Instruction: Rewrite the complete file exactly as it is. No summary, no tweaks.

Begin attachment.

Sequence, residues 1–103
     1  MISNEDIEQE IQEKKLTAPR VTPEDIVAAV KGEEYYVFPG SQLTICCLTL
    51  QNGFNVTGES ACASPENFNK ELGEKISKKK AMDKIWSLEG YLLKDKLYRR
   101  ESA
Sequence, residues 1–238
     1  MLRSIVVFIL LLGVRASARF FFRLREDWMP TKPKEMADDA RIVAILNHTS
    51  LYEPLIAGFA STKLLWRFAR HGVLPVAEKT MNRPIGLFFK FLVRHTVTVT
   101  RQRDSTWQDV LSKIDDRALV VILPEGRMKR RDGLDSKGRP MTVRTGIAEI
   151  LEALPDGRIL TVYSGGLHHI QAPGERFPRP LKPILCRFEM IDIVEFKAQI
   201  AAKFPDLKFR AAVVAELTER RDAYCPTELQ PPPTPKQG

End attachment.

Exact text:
Sequence, residues 1–103
     1  MISNEDIEQE IQEKKLTAPR VTPEDIVAAV KGEEYYVFPG SQLTICCLTL
    51  QNGFNVTGES ACASPENFNK ELGEKISKKK AMDKIWSLEG YLLKDKLYRR
   101  ESA
Sequence, residues 1–238
     1  MLRSIVVFIL LLGVRASARF FFRLREDWMP TKPKEMADDA RIVAILNHTS
    51  LYEPLIAGFA STKLLWRFAR HGVLPVAEKT MNRPIGLFFK FLVRHTVTVT
   101  RQRDSTWQDV LSKIDDRALV VILPEGRMKR RDGLDSKGRP MTVRTGIAEI
   151  LEALPDGRIL TVYSGGLHHI QAPGERFPRP LKPILCRFEM IDIVEFKAQI
   201  AAKFPDLKFR AAVVAELTER RDAYCPTELQ PPPTPKQG